Last week, a think tank associated with former Finance Minister Aleksei Kudrin raised that question, and the answers were -- to say the least -- not pretty for the Kremlin. And today, the ruble fell to a three-year low on falling oil prices, which dropped by 4.5 percent over the past week.
The government insists there is no cause for alarm. Deputy Prime Minister Arkady Dvorkovich told RIA-Novosti that the authorities are "prepared for any scenario" and "have the reserves necessary for dealing with a crisis, if there is one."
Nevertheless, whether Russia's $513 billion in foreign reserves will be enough to weather an economic downturn sparked by contagion from the eurozone and falling oil prices must be causing a lot of sleepless nights in the Kremlin.
A report released on May 24 by the highly respected Center for Strategic Research commissioned by Kudrin's newly formed Committee of Civic Initiatives warned that Russia could descend into violence and chaos if the authorities continued to crack down on opposition protesters or if the economy slides:
The report noted that "the middle class in the largest cities is de facto lost for the authorities." An economic downturn would undoubtedly cause them to lose the working class as well, leading to rural and industrial unrest.
At a press conference presenting the report, Kudrin -- who won accolades for steering Russia through the 2008 financial crisis -- said a recession in Russia is "possible and even likely," adding that there was a 50 percent chance that this would be "a destabilizing factor for political problems."
An economic downturn would, indeed, land the second half of a one-two punch against President Vladimir Putin and his ruling circle.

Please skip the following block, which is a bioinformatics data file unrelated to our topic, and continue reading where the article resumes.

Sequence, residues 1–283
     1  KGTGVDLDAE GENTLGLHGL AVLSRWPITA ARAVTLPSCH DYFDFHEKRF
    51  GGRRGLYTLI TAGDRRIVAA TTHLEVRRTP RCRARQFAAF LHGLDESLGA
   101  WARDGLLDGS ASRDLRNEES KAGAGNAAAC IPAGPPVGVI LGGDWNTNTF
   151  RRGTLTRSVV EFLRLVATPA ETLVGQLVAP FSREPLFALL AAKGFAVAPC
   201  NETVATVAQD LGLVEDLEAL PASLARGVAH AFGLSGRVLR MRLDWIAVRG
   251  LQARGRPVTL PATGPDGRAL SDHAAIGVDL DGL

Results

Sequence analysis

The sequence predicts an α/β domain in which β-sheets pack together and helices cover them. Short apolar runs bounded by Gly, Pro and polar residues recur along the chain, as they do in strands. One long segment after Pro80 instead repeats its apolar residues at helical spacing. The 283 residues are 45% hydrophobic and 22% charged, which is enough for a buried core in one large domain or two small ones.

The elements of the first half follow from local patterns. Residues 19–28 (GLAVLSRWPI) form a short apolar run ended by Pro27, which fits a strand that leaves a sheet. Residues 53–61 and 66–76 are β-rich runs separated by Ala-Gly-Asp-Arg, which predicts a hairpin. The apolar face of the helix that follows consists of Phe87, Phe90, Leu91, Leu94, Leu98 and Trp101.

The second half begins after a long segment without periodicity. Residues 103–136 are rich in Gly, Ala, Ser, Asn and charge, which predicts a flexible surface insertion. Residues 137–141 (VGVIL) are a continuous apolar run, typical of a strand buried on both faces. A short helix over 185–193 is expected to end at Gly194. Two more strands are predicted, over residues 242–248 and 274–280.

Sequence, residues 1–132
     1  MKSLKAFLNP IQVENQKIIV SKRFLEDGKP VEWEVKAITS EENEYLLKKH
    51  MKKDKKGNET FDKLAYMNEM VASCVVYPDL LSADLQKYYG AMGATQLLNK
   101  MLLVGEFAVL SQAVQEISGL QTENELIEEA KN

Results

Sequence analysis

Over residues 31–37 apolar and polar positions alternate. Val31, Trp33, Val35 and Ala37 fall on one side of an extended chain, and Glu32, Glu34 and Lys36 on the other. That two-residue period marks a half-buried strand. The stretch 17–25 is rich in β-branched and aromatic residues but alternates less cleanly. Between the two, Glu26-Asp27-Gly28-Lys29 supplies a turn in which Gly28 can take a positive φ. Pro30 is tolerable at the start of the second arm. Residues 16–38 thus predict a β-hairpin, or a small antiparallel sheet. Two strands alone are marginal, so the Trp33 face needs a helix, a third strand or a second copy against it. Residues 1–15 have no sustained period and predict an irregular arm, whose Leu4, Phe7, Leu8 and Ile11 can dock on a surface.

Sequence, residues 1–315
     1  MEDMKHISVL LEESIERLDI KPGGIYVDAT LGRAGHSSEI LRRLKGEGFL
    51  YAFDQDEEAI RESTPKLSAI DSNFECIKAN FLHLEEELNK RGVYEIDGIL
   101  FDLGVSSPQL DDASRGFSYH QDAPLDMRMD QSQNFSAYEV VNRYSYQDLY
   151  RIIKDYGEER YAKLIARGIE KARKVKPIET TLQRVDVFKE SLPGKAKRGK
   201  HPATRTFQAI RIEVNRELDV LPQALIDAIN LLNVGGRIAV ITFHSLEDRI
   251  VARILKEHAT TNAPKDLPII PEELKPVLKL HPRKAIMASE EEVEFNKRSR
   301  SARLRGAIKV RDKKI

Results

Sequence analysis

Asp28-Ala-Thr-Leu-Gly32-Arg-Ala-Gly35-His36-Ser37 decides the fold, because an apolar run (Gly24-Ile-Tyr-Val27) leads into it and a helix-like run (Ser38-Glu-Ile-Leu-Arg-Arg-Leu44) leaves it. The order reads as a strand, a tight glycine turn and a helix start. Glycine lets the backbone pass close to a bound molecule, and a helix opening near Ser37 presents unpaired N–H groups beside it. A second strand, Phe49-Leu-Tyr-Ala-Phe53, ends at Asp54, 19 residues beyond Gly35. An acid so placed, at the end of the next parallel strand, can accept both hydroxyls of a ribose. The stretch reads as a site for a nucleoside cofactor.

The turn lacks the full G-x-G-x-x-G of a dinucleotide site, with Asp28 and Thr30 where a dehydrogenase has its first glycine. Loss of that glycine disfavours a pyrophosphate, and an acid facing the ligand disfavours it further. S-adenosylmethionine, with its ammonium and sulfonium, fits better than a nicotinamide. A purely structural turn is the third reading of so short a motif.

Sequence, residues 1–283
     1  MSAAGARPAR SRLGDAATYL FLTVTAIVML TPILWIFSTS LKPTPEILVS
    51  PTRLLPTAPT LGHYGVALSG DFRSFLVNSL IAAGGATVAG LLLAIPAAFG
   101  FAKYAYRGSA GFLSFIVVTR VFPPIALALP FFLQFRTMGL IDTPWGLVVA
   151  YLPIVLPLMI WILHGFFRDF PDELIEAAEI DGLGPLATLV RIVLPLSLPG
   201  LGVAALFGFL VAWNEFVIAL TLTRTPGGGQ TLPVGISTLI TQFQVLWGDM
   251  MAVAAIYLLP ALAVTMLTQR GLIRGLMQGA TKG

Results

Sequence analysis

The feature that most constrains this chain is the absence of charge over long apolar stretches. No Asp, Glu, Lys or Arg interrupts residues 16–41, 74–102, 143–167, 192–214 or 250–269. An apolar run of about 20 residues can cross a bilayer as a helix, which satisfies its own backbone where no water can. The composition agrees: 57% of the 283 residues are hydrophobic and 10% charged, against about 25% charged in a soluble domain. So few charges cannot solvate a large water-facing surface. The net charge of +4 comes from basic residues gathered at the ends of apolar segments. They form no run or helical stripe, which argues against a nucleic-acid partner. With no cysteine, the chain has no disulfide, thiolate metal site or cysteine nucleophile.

As I have blogged in the past, rising living standards in Russia over the past decade led to the creation of an embryonic middle class that once made up the bedrock of the regime's support. But once that class became secure in its wealth -- as was the case in South Korea, Indonesia, and elsewhere -- it began to seek political freedoms, causing it to lose patience with Putin's authoritarian rule.
Having lost the middle class, which has taken to the streets against him, Putin turned to the working class, which is now the backbone of the Kremlin's social base. A deep recession risks turning them against him as well.
"In connection with the problems in the countries of the eurozone, notably in Greece, the world economy can expect a new strong shock. In the meantime, in Moscow, they are busy with everything under the sun except preparations for a new wave of crisis," a May 25 editorial in Gazeta.ru opined.
"Of course, fears do not always come true, but if they do come true, it certainly does not have to be in full. But the atmosphere is heating up before our eyes. The flight of capital from Russia is speeding up. Oil has become cheaper," the editorial continued.
"The Russian budget, half of whose income is provided by selling energy, will encounter real difficulties yet this year if the oil price simply stays fixed at today's level. And if it so happens that it stays below $100 for quite a long time, it will simply become impossible to describe what is happening other than with the words 'economic crisis.'"
If the worst-case scenario does come to pass, the results could be nasty. The opposition to Putin is comprised as much of nationalists and radical leftists as it is of pro-Western liberals.
(Note to readers: Tune into "The Power Vertical Podcast" on June 1, where I will discuss this issue at length with my regular co-host Kirill Kobrin, managing editor of RFE/RL's Russian Service.)
-- Brian Whitmore